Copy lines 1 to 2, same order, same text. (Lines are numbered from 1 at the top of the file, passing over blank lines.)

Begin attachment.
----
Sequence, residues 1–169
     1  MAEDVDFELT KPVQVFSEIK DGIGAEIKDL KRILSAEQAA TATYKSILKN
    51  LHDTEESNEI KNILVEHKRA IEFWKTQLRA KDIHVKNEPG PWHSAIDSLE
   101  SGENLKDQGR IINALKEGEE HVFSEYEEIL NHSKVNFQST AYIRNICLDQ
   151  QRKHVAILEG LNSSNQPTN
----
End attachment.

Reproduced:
Sequence, residues 1–169
     1  MAEDVDFELT KPVQVFSEIK DGIGAEIKDL KRILSAEQAA TATYKSILKN